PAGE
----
On a moderately crowded train, I’ve just woken up after dozing off, but I can’t remember where I am or where I’m going. Apart from the noise of the moving train, it’s quiet, and the other passengers are half asleep, fiddling with their phones or spacing out.

I realize I was supposed to get off somewhere … but where? At the next station, passengers disembark. We start moving again. As the train picks up speed, I feel increasingly nervous. Should I get off at the next stop? The train comes to a slow halt, and some people rise and head for the doors. I feel compelled to follow. I’m on a station platform, but at which station? Where am I?

This is what unfolds in one of the virtual reality dementia simulations created by Silver Wood Corp., which operates apartment complexes for the elderly.

I recently wore a VR headset and goggles to watch the video at the Silver Wood head office in Tokyo. Though the clip lasted only about five minutes, it was an amazingly immersive experience. I could feel myself growing tense as the train passed a station and sped up. When I stepped out of the train, my fear and anxiety levels reached a climax, and tears welled up.

“People’s expressions are completely different before and after they see the video,” said Tadamichi Shimogawara, president of Silver Wood.

The 46-year-old started making VR simulations about dementia last year, feeling they would be an effective tool to change the overwhelmingly negative image of the progressive illness, which is characterized by memory loss and declines in other cognitive functions.

According to a 2015 health ministry-commissioned study, 4.62 million people in Japan were estimated to have dementia as of 2012, a number projected to swell to 7 million, or 1 in 5 people over age 65, by 2025.

Shimogawara long ran a family business making construction materials; it was only seven or eight years ago that he started building and renting apartments for the elderly in and around Tokyo. As he studied how to best serve the occupants, about 60 percent of whom have dementia, he said he found that conventional housing and care arrangements were robbing them of freedom and independence.

In conventional housing for people with dementia, he said, doors are locked to prevent residents from wandering outside and getting involved in an accident.

“But if you were someone with dementia, would you want to be stopped from going outside?” he said.

Shimogawara said he was also put off by the way many care facilities treat elderly residents as if they were small children, putting up cheesy birthday announcements on the walls, having them sing children’s songs or tossing otedama (bean bags) for recreation. “Why children’s songs? Some people might want to listen to the Beatles instead,” he said.

“Many facilities also go overboard with care. They would do everything for the residents, because it’s easier for them that way. I feel such bad practices have ended up worsening the conditions of people with dementia. And by confining people in the facilities, giving them little freedom to interact with society, many of us (people without dementia) only see dementia in a negative light and have only fears about developing it.”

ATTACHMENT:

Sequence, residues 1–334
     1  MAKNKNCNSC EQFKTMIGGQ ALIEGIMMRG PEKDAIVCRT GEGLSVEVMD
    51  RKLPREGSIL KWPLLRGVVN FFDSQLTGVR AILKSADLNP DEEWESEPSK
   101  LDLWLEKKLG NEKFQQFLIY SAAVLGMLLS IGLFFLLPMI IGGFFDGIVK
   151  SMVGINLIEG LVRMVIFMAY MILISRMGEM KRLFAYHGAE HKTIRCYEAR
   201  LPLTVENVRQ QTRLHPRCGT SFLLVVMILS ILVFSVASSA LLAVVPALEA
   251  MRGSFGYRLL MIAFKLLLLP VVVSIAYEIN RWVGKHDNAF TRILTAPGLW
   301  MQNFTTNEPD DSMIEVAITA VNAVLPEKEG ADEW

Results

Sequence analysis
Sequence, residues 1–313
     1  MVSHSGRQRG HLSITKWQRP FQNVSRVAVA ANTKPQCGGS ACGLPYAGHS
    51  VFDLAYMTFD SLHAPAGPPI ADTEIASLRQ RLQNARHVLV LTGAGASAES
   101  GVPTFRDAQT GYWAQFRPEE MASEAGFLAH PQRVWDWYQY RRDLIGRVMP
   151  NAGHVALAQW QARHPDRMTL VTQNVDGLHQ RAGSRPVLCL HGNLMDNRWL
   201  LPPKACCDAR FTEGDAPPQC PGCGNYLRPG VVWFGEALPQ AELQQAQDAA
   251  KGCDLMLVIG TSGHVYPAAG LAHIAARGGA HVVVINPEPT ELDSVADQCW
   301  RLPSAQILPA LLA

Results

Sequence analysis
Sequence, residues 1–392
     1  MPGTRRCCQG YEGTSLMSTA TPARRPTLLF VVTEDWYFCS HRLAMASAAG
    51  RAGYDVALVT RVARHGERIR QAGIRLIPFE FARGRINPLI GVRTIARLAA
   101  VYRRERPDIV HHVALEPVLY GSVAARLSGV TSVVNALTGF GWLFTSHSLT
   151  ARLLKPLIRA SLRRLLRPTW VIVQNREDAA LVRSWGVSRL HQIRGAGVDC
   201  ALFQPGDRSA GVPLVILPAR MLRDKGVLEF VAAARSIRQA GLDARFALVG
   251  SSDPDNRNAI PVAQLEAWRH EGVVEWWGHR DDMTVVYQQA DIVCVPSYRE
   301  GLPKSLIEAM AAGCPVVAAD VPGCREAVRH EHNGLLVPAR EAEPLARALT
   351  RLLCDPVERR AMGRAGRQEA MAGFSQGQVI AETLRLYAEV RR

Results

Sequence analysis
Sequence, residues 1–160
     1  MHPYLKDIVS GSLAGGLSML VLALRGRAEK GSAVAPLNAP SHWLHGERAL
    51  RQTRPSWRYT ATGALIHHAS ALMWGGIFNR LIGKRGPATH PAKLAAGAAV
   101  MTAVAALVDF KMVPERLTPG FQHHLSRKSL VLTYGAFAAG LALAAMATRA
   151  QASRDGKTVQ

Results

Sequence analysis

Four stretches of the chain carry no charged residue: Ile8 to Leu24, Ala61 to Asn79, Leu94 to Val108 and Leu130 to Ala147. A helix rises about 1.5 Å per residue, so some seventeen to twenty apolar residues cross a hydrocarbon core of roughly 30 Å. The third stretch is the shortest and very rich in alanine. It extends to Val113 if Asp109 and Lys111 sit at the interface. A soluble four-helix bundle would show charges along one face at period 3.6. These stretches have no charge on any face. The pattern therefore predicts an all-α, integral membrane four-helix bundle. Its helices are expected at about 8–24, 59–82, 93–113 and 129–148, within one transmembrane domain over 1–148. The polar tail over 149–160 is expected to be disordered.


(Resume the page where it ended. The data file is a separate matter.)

At Silver Wood’s 12 complexes for seniors, the doors are always open, with occupants given complete freedom to go outside.

“For some people it takes about an hour to get to a nearby convenience store — a distance covered by us in five minutes — as they walk slowly and get lost sometimes,” Shimogawara said. “But that’s OK. We will never put tags or sensors on them either; we will go looking for them only if they don’t return in two or three hours.”

All Silver Wood facilities are also equipped with low-priced candy stores, with residents serving as clerks. The premises are always busy with local children stopping by, Shimogawara said.

The VR project came out of his belief that, with creative ideas and adequate support, people with dementia can live happily and with dignity.

“When we talk about dementia, we often talk from the perspective of how to deal with these people who cause trouble to society,” he said. “But in reality, if we put ourselves in their shoes, it becomes clear that they are not trying to wreak havoc on society; they are just having difficulties (with certain tasks).”

The simulations do not intend to present a definitive form of dementia, Shimogawara said, though they were created with ample input from — and interviews with — people with the illness. Rather, they are aimed at helping viewers expand their imagination so they can empathize with sufferers more and start thinking about how to live with dementia instead of how to prevent it.

So far, the firm has shown the videos to more than 10,000 people at various viewing events across the country, at the request of municipal governments, medical institutions, nursing care operators and even some corporations.

The firm, where all but one of the six VR video production members had no previous background in cinematography, has created eight short simulations so far, including six on dementia. The other two are not related to dementia, or even an illness. One is a video documenting the life of a working mother in Japan, aimed at conveying the challenges of juggling a family and a career. The other is about an elderly person approaching the end of life, who is taken to an emergency room for over-the-top life-saving procedures, like CPR that results in fractured bones. The latter video is intended to help families discuss end-of-life choices, Shimogawara said.

He said that in the future he wants to investigate various social issues around the world and create VR videos about what he finds.

“I feel VR has a huge potential to change society,” he said.

A Matter of Health covers current research, technology and policy issues relating to health in Japan.

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